THE ALLY OF DESPOTIC own coin, and with interest. TYRANNY. The greatest despots who To WIVES. Never sit with one have trampled on the liberties of na- hand in the other doing nothing. Let tions have ever found popery ready both be at something, for something and willing to aid them, and it always wants them both. flourishes most in their dominions. A BEAUTIFUL SIGHT in my eye is a

IT PRETENDS TO DOMINION IN THE nice neat tidy cottage, in which the INVISIBLE WORLD — robbing Jesus corners of the floor are as clean as the


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middle, and the furniture, though plain, is as bright with elbow grease as French polish could make it.

FORBEARANCE.—He is surely most in want of another's patience who has none of his own.

Gems. CONSCIOUS GUILT, or one sin, is a heavier load than the weight of a thousand crosses.

UNTHANKFULNESS overlooks present comforts and looks only at present grievances. It has no hope. Is it not an evil thing?

INCONSISTENCY. – To put on the name of a christian, and not walk in the ways of Christ, is the greatest of all inconsistencies.

DESPAIR ill becomes any living man who has a Bible in his hand, eyes to read it, and a mind to understand it.

PRAYING. — He who prays as he ought will live as he prays.

THE SUM OF CHRISTIANITY is, that man is a sinner, and that Christ is his Saviour. These two great facts include all.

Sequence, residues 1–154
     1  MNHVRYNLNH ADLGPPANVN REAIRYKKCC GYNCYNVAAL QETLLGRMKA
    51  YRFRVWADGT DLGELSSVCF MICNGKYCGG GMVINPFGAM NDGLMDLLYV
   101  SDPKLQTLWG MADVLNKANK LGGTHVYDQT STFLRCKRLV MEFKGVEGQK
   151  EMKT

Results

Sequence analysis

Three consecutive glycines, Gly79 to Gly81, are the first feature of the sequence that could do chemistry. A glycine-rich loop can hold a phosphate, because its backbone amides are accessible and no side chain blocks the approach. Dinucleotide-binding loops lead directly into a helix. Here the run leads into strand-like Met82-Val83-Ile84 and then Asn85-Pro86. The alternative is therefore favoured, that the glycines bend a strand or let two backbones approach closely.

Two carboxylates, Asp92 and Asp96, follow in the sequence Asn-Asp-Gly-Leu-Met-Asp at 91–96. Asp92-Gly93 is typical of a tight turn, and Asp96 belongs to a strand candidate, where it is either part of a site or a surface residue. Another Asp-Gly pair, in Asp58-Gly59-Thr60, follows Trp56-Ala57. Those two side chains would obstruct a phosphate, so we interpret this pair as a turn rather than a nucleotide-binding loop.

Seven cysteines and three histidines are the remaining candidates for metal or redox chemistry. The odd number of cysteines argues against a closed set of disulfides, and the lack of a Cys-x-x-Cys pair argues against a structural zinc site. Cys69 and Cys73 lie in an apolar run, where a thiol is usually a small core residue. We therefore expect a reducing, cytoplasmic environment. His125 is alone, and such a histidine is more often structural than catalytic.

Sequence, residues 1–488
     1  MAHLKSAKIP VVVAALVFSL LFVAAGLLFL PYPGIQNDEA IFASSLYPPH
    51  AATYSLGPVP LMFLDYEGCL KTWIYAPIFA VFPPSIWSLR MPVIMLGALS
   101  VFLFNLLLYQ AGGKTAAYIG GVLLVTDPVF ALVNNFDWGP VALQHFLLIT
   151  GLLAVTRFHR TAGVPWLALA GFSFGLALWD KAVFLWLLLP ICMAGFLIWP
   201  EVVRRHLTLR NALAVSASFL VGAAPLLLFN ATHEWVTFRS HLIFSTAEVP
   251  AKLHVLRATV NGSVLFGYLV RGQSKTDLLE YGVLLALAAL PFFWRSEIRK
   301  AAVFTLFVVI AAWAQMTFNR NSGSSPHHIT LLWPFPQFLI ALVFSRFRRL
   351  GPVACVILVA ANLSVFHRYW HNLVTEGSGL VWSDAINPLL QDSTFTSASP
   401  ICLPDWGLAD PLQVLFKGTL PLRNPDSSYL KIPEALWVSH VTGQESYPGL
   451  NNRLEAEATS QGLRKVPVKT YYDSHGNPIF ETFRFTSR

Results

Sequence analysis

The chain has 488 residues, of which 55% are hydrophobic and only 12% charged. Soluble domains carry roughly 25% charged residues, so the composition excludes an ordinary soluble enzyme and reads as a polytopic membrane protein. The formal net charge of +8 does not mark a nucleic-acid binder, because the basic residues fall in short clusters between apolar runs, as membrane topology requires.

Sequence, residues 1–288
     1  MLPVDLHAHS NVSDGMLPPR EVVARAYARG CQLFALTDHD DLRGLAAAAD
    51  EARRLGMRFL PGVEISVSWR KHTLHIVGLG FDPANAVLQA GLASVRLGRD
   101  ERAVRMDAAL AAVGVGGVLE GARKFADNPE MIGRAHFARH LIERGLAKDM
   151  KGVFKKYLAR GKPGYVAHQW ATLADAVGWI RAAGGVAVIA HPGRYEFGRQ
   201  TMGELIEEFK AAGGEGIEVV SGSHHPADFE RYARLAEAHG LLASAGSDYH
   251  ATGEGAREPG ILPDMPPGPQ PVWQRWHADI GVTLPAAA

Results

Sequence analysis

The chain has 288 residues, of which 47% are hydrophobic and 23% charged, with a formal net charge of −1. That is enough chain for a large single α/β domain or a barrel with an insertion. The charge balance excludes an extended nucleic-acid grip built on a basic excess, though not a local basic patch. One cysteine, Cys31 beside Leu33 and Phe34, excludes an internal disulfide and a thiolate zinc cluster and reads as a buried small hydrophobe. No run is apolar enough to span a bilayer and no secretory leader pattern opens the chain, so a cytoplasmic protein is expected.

GIVING LIGHT.—Direct another man to Christ, and you light another man's candle by your own.

Your own yet burns, and perhaps brightens, and his

"OUR FATHER," said Jesus Christ. Remember that. God is our Father. We have offended him it is true, but he is yet our Father, ready to pity and for. give, and receive us back to himself.

AFFLICTIONS are medicines administered by the heavenly Physician to cure us of some moral disease. Mind you take them right, or they may work the wrong way.

SALVATION is the great lesson of the Bible-salvation by atonement—the atonement of Jesus Christ, “ who died for our sins.”

LOWLINESS OF MIND is not a flower which grows in the field of nature, but is planted by the finger of God in a renewed heart.

burns too.

Poetic Selections.


01 LET the soul its slumbers break-
Arouse its senses, and awake

To see how soon
Life, in its glories, glides away,
And the stern footsteps of decay

Come stealing on.
And while we view the rolling tide,
Down which our flowing minutes glide

Away so fast,
Let us the present hour employ,
And deem each future dream a joy

Already past.
Let no vain hope deceive the mind,
No happier let us hope to find

To-morrow than to-day;
Our golden dreams of yore were bright,
Like them the present shall delight-